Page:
22. I’m guessing that this is different from “I’d love to know what happened to [character] twenty years later”, “Can we get something from [peripheral character]’s point of view?”, or “”Wow, there should be a prequel to [property] explaining how [situation] came to be”? Seems to me those are par for the course for any popular creative type. Or do those type of things give you the same reaction?

  23. Logophage:

    Nah, those are fine. It’s the one that are all “So, John and Jane should have a story where they open up a Wienerschnitzel franchise, and then Hickory and Dickory cook the hot dogs, but then General Rybicki comes in for a chili dog and while he’s there enlists them on a secret mission, and then suddenly the Rreay attack, and there’s this awesome battles, except that instead of guns, everyone uses nun-chucks!” that you have to look out for. It’s like, dude, go write your own fan fiction.

  24. Why do they do this? I wonder if our host’s often genial and sanguine public persona lulls people into ignoring the f-bombing mallet side.

  25. Are you quite certain it’s the wouldbe collaborators making you cranky? Maybe you just need a … burrito?

  26. Were any of these emails from deposed Nigerian princes who needed an advance from you of the one million dollar idea?

    I mean, AI is getting spooky smart.

  27. Similarly, I once was asking a physician something about me medical-wise at a party, when I noticed someone listening, and I hurried to say, “He knows I ALREADY saw my own doctor about this.” Somethings you don’t ask. Partly because, as the doctor immediately explained to the listener, “someone you see socially would not know your case history.”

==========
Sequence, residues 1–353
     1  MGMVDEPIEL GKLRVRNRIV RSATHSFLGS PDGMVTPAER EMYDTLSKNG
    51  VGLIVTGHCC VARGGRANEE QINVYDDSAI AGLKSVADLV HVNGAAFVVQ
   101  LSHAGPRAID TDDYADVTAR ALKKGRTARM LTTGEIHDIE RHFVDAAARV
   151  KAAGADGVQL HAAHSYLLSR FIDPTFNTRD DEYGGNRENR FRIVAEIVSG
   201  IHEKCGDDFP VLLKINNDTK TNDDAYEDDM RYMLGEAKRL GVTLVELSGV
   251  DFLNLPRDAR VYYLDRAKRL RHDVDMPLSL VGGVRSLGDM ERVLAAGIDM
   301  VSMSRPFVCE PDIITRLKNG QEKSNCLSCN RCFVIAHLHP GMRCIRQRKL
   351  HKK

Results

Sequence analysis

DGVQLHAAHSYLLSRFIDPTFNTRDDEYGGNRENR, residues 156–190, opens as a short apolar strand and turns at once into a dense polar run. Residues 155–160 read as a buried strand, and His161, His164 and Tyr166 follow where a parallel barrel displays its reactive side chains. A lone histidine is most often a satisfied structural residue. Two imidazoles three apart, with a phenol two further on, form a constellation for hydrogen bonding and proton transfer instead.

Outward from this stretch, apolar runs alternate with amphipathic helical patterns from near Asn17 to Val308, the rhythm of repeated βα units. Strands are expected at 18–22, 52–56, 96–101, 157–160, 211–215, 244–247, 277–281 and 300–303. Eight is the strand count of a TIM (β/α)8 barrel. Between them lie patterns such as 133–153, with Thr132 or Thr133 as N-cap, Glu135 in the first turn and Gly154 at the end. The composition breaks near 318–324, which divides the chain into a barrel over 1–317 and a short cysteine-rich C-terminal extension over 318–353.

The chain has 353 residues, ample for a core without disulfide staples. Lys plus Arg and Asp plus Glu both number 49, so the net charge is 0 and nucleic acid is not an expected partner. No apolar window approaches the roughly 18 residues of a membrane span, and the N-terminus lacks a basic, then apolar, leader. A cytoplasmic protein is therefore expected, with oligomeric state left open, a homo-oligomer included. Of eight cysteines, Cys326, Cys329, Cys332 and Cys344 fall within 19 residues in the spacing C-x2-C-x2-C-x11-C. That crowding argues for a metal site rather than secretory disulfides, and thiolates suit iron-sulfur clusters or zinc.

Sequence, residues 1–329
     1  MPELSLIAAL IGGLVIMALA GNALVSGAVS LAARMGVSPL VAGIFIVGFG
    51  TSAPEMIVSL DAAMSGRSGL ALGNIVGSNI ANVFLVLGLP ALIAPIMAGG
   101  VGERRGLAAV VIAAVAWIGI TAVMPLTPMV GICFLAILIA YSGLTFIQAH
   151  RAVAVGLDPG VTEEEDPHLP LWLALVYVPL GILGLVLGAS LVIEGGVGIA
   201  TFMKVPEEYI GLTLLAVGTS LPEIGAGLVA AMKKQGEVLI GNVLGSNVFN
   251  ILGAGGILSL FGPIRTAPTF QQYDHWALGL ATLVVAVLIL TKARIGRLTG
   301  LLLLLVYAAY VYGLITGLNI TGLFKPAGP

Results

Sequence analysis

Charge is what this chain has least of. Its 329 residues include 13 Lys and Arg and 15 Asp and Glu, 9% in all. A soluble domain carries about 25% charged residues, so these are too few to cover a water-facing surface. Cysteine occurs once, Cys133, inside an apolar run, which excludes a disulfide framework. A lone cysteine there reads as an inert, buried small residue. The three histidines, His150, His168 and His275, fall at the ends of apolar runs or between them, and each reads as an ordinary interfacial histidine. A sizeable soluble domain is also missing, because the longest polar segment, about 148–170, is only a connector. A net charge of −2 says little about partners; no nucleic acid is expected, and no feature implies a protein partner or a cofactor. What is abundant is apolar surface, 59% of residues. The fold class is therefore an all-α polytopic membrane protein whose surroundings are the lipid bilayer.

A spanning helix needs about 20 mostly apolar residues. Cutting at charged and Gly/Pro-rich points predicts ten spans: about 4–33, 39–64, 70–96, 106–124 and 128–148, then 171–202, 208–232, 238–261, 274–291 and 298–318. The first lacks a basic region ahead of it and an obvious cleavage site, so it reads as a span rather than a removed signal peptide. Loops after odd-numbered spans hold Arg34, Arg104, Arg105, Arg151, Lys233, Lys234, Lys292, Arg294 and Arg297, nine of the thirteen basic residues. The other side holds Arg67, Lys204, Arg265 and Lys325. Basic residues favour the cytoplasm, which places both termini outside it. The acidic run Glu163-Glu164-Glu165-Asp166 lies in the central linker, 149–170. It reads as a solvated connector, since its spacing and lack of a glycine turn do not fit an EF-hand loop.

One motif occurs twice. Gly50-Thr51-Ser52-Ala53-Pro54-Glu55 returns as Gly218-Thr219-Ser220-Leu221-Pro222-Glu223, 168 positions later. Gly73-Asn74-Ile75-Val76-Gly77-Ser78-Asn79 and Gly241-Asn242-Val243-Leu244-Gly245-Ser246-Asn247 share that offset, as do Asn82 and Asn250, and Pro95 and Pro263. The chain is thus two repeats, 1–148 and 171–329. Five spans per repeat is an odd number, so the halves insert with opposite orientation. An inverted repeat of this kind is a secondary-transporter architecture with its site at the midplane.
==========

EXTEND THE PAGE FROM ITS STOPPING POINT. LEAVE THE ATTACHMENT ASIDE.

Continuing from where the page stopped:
There’s an old joke about a doctor and a lawyer chatting at a party (there’s probably a rabbi there somewhere, too), and the doctor is complaining about people asking him medical questions when he’s socializing. So the lawyer tells the doctor his strategy: help the people, but then present them with a bill for the time worked. “Stops people right in their tracks,” the lawyer says. The doctor thinks that’s a great idea, thanks the lawyer, and they go their different ways.

    A week later, the doctor gets a bill from the lawyer for time worked.

  28. I once broke that rule about not making suggestions to authors. Since that is, of course, a gigantic no-no, I phrased it as praise for the author’s “obvious” hook for some future plotline in the series.

    Jasper Fforde’s Miss Havisham wears both her shoes. I sent an e-mail saying I was looking forward to when Thursday Next and BookWorld goes meta and we end up with the one-shoe Miss Havisham. In the insanely brilliant Ffrode style, of course, but I didn’t say that.

    The series later went meta, but Miss Havisham to this date is still wearing both her shoes.

    To this date I have no idea if I was out of line. To this date, I have no idea if Fforde knew exactly what he was doing all along, or something major and literary slipped by him. It’s all good.

  29. As a mathematician and programmer who has at times worked for Wall Street firms, I sometimes get people who expect me to go 50-50 on some stock trading scheme I’m supposed to share with them. My “stock” response now is to tell them I do have such methods, but they only work with a billion dollar upfront investment. Which includes my very tiny 1% upfront fee.

    Sweet, right? Why do they always decline?

  30. Never tried to send you an email, but I did notice that the links you mentioned don’t appear in my web browser while I’m reading your average post. I don’t see them on the right hand side until I’m reading the comments.

    That’s not a reason for people to email you, but maybe a reason they don’t see them right away.

  31. (quietly slips story idea involving nunchucks into trashcan)


    Room is awful dusty…

  32. (Wistfully looks at trashcan)

    What if the nunchucks were MADE of weinerschnitzel?


  33. I sincerely wish I could articulate as well when I’m pissed off as was done here. Usually, my eyes just bulge, my forehead gets warm, and I end up mumbling something like “Fuck the fucking fuckers” and walking away.

  34. Offers of ideas and offers to collaborate, with extra flattery on top, are not made in the spirit of generosity. They’re just another way of saying, “You could spend your time the way you want, but instead, this is what I think you should be doing.” Thus, they deserve a heartfelt “I’ll get back to you when hell freezes over.”

%d bloggers like this: